While there have always been partisan differences driving consumer confidence, the partisan gap seen under Presidents George W. Bush and Barack Obama had doubled under Trump and has remained equally wide under Biden.
“Unfortunately, the size of the partisan divide in expectations has completely dominated rational assessments of ongoing economic trends,” Curtin stated. “This situation is likely to encourage poor decisions by consumers and policy makers alike.”
The international trade deficit, which grew larger under Trump, continued to increase.
Figures from the Bureau of Economic Analysis show the U.S. imported nearly $720 billion more in goods and services than it exported during Biden’s first full 10 months in office through November. That gap was $154 billion, or 27.3%, more than it was during the same period in 2020, when the annual trade deficit was the largest it had been since 2008.
Oil Production and Imports
U.S. crude oil production dipped slightly to an average of 11.07 million barrels per day in Biden’s first full nine months, down 1% from the same nine-month period in 2020, according to the most recent data from the U.S. Energy Information Administration.
However, the decline may only be temporary. This month, in its Short-Term Energy Outlook, the EIA said it expects U.S. crude oil production to increase to 11.8 million barrels per day in 2022 and to 12.4 million barrels per day in 2023, which, if it happens, would exceed the record of 12.3 million barrels per day in 2019.
Meanwhile, as domestic production went down a bit, U.S. crude oil imports in Biden’s first full nine months increased to an average of nearly 6.1 million barrels per day — up 3.6% from the comparable period in 2020. Prior to 2021, imports of foreign crude oil had declined three straight years.
U.S. carbon dioxide emissions from energy consumption also began to increase after annual decreases in two consecutive years.
In Biden’s first full eight months in office, there were over 3.2 billion metric tons of emissions from the consumption of coal, natural gas and various petroleum products, according to the EIA’s latest monthly figures. That was 9% more than the 2.94 billion metric tons that were emitted from consuming those energy sources over the same stretch in 2020.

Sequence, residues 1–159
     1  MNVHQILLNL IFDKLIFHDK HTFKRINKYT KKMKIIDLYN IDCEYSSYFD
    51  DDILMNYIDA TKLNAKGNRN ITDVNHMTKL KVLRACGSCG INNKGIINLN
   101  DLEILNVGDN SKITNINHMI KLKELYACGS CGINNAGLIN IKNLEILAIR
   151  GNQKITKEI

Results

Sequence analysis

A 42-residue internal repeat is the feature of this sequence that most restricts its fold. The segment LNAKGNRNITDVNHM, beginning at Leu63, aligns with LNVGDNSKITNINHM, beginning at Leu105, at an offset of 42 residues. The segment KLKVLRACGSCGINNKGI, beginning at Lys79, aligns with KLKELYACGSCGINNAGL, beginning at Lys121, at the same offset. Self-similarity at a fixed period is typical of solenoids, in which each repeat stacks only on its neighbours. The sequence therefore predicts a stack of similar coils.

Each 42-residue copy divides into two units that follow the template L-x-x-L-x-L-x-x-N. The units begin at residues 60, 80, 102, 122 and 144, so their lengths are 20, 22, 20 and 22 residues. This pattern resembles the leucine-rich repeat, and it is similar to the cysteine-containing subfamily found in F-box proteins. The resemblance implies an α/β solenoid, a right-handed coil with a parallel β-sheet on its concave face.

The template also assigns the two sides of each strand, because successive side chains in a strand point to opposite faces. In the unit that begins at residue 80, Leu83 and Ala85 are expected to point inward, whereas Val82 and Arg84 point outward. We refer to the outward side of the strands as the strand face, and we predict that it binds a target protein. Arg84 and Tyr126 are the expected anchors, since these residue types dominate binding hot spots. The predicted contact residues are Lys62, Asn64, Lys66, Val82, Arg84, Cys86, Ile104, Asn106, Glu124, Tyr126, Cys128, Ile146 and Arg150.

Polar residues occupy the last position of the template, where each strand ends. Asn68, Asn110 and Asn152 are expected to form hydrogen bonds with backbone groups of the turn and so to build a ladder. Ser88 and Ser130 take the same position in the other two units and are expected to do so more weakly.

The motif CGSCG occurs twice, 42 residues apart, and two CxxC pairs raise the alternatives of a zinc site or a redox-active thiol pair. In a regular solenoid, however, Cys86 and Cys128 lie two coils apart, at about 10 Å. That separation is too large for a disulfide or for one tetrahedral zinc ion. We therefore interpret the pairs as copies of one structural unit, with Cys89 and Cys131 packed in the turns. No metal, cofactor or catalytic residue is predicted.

An increase was not unexpected. In January 2021, just before Biden took office, the EIA projected that CO2 emissions would rise by 4.7% in 2021 and by 3.2% in 2022. EIA said it expected more CO2 emissions from coal because of higher natural gas prices, and higher petroleum-related CO2 emissions as transportation patterns returned to normal. For the first nine months of 2021, net electricity generation from coal was up 23% from the same period a year ago, according to the EIA.
Nationwide crime data for 2021 from the FBI, which is what we have used for crime statistics in these reports, won’t be available until the fall. However, we do have crime figures compiled by the Major Cities Chiefs Association from 66 law enforcement agencies in big cities for most of 2021.
From January through the end of September 2021, there were 6,502 homicides in those cities, up 10.1% from the same period in 2020. Although Biden had been criticized by Republicans for the rise, the number of murders had already increased significantly before Biden took office: From 2019 to 2020, they went up 32.7%, according to the Major Cities Chiefs Association.
For the first nine months of 2021, the number of rapes increased 1.9%; robberies were down 5.7%; and aggravated assaults were up 4.9%, compared with the same time period in 2020.
In 2020, aggravated assaults were also up, compared with 2019, but the number of rapes and robberies were both down.
We don’t yet know if handgun production increased or decreased in 2021, as the Bureau of Alcohol, Tobacco, Firearms and Explosives has yet to publish its annual manufacturing figures.
But we do have an indication that purchases slowed some last year.
Although the government doesn’t collect data on gun sales, the National Shooting Sports Foundation — the gun industry’s trade group — estimates gun sales by tracking the number of background checks for firearm sales based on the FBI’s National Instant Background Check System, or NICS. The NSSF-adjusted figures exclude background checks unrelated to sales, such as those required for concealed-carry permits.